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Graphic courtesy of Lightcast

Lightcast in December released a new Career Pathways tool that uses the firm’s library of job postings, real-world profiles, and skills data “to show how workers can advance and succeed in the workforce.” Instead of working within specific industries and conventional promotions, says Lightcast, “Career Pathways takes a broad view and identifies similar jobs based on adjacent skills. This allows you to see the full picture of the job market, complementing data already available in Analyst like demand and compensation trends. Many jobs require overlapping skills, despite being based in different sectors or accomplishing different tasks. Using the Lightcast Occupation Taxonomy or external taxonomies including O*NET or SOC, our data can identify those overlaps and illuminate new sources of talent for employers and also help workers achieve upward mobility.”

A November 2022 Site Selection Online Insider explored Lightcast’s Talent Attraction Scorecard.



Many focus on serving the needs of their communities on this federal holiday honoring the memory of Dr. Martin Luther King, Jr. One area of need arose during the December holiday season, when The Salvation Army raises 60% of its funding to support its programs throughout the year. On Christmas Eve, the Salvation Army of Osceola County Service Center in Greater Orlando — which provided nearly 20,000 meals in the last fiscal year, thousands of hot showers and one-on-one case management — was vandalized and robbed of its red-kettle money. When news spread of the crime, donations poured in from the Osceola County Sheriff’s Office, Seeds of Hope and Faith United Methodist, among others. Bella Roma Pizzeria took it a step further by donating pizzas to feed service center clients and topped it off with a donation of 10% of their two restaurants’ weekend sales, resulting in a check for $2,200 presented here to Andrea Ruiz, director, The Salvation Army Osceola County. “This is the true definition of love in action,” said Captain Ken Chapman, area commander, The Salvation Army Osceola County.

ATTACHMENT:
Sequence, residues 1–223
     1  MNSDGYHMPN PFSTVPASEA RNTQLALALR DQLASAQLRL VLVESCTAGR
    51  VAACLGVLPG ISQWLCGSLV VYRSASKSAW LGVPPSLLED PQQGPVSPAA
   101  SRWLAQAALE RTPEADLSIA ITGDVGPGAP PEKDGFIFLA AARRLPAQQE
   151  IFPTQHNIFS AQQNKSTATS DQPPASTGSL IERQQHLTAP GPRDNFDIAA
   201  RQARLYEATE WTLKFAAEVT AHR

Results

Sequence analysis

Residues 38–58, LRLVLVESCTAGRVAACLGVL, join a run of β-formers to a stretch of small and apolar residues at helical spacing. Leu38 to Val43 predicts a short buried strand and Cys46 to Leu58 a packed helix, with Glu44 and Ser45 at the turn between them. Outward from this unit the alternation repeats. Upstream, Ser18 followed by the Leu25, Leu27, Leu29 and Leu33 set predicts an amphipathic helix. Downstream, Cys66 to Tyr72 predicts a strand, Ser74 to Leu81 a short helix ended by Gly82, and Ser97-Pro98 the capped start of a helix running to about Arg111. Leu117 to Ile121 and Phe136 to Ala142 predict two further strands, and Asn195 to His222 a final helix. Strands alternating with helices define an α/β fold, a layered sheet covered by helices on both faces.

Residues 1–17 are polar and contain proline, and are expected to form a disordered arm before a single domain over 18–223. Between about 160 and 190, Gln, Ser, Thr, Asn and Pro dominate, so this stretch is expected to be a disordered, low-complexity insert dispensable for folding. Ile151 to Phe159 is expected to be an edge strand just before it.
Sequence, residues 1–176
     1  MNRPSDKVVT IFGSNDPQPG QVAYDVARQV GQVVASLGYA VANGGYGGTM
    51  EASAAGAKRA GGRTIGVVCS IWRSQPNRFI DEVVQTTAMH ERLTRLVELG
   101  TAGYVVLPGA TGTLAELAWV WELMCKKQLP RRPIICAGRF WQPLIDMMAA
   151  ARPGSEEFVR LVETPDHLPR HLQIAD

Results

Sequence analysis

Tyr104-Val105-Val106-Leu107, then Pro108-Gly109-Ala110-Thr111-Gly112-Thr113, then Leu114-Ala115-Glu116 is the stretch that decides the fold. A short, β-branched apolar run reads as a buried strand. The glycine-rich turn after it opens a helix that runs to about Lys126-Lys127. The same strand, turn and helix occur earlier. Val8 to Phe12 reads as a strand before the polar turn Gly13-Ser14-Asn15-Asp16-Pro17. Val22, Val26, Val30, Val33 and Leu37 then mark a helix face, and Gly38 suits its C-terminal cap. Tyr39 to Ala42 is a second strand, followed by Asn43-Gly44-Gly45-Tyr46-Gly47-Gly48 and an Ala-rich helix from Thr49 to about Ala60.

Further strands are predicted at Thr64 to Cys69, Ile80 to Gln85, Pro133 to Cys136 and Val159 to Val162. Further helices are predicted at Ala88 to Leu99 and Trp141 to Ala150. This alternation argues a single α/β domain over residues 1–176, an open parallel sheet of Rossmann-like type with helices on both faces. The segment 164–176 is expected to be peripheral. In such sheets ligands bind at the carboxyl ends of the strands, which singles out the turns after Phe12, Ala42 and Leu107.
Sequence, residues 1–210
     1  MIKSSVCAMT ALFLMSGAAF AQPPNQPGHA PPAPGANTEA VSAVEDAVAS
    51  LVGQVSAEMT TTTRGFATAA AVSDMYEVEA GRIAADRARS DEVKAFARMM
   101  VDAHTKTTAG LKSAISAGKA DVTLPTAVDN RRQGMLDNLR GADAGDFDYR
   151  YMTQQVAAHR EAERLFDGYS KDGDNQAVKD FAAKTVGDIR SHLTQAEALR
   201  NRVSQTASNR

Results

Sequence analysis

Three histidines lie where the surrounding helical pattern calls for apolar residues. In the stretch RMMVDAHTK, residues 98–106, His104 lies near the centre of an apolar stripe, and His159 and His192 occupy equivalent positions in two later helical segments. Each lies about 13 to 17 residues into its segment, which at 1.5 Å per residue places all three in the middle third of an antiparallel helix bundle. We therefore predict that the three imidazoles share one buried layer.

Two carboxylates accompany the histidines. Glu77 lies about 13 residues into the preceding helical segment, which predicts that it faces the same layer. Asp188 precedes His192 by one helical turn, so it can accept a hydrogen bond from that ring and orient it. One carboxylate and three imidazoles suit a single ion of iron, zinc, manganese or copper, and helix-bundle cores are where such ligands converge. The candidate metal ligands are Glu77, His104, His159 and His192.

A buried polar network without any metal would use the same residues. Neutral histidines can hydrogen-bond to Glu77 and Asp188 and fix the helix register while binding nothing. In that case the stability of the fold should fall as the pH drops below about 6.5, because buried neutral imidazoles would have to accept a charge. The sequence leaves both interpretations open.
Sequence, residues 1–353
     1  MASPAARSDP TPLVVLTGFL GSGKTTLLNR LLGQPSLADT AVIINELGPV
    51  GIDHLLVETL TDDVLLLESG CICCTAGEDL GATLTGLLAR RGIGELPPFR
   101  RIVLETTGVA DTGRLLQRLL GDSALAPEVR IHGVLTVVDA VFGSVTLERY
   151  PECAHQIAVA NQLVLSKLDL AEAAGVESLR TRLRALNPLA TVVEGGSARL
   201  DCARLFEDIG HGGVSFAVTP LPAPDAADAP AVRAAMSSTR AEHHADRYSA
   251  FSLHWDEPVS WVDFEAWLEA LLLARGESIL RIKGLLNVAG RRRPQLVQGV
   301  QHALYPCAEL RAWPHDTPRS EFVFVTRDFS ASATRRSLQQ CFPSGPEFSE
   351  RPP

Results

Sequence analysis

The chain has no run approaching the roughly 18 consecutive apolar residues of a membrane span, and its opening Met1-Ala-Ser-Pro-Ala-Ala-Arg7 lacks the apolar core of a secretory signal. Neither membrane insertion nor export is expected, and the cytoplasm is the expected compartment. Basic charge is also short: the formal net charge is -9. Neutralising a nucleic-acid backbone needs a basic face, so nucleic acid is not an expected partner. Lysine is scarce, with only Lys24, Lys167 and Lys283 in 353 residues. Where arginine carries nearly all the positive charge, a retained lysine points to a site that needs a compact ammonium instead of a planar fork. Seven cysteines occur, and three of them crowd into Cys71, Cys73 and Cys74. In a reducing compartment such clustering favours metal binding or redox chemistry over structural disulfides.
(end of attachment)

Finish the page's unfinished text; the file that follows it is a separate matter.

Reached by phone last week, Natasha Player, public relations manager for The Salvation Army’s Orlando Area Command, said, “The red kettle addresses hunger, housing and provides hope.” She said while no suspects in the robbery have been apprehended, the stolen money has been recouped. The organization is broadening its scope of activity to include a pathway to housing program and, in time, the possibility of workforce skills training at a day center on its eight-acre campus in downtown Orlando. “People tend to not want to acknowledge there is an issue,” she said, noting the organization distributes clothing and hygiene items to the unhoused twice a week. “It’s a never-ending cycle if we don’t address the housing issue. We want people to gain their independence.”

Through a network of 7,600 centers across the U.S., The Salvation Army annually helps more than 23 million Americans overcome poverty, addiction and economic hardships through a range of social services. — Adam Bruns